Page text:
Time zoneUTC+02:00 (EET)
Total Time zones1
Working hours per week40
Working weekMonday–Friday
Typical hours worked8
Personal Tax filing deadline10 January through 30 April of the following year
Financial Year1st January to 31st December
CurrencyBulgarian Lev (BGN)
VATthe standard rate is 20%

Employment Contracts in Bulgaria

Employment contracts in Bulgaria are governed by the Bulgarian Labour Code and play a crucial role in establishing the legal relationship between an employer and employee. Here's a breakdown of key aspects to consider:

Contract Types:

  • Indefinite Term: The most common type, offering ongoing employment with no predetermined end date.
  • Fixed-Term: Used for temporary or seasonal positions, with a maximum duration of 3 years (exceptions apply).

Mandatory Elements:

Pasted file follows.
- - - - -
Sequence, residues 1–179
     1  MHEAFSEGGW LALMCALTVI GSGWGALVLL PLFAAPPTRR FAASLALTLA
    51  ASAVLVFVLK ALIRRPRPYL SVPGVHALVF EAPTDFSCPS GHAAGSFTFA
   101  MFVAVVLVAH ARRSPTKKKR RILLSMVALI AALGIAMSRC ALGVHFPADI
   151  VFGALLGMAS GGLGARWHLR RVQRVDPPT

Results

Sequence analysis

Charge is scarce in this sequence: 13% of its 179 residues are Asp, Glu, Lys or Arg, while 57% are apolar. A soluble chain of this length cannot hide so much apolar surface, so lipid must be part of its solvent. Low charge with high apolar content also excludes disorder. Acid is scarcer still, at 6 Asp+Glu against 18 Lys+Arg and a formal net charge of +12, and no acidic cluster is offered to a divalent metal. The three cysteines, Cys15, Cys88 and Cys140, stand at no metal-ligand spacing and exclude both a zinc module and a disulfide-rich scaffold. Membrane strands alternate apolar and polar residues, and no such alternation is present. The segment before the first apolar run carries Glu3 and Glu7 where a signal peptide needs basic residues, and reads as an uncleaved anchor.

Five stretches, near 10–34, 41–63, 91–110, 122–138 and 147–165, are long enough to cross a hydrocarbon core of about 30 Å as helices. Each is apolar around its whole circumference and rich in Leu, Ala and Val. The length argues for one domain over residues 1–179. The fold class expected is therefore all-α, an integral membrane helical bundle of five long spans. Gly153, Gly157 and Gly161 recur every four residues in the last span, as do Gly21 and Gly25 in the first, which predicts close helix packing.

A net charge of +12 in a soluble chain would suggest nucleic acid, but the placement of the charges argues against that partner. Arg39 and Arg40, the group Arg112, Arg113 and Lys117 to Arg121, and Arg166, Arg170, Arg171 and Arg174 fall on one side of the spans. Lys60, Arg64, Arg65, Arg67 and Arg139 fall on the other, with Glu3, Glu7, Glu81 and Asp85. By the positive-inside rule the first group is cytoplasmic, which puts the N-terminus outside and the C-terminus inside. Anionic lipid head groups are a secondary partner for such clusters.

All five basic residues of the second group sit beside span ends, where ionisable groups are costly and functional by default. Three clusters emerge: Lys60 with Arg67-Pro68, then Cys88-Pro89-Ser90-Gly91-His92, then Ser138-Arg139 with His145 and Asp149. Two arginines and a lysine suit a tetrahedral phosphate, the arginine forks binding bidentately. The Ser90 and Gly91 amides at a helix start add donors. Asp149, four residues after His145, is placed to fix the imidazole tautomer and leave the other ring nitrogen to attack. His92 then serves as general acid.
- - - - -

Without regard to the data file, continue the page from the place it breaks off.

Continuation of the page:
The contract must include specific information:

  • Place of Work: Physical location where the employee will perform their duties.
  • Job Title (NKPD Code): Position title following the National Classification of Professions and Positions (NKPD) system.
  • Nature of Work: Brief description of the employee's responsibilities and tasks.
  • Start Date: Date the employment relationship begins.
  • Term of the Contract: Whether it's an indefinite or fixed-term contract.


  • Base Salary: Amount of regular pay before taxes and deductions.
  • Payment Frequency (e.g., monthly)

Paid Leave:

  • Annual Leave: Minimum legal entitlement to paid vacation days.
  • Sick Leave: Number of paid sick days per year.

Working Hours:

  • Daily or weekly working hours.
  • Overtime pay regulations (if applicable).

Termination Clause: Outlines the process for terminating the employment contract by either party, including notice periods.

Employment Contracts Software in Bulgaria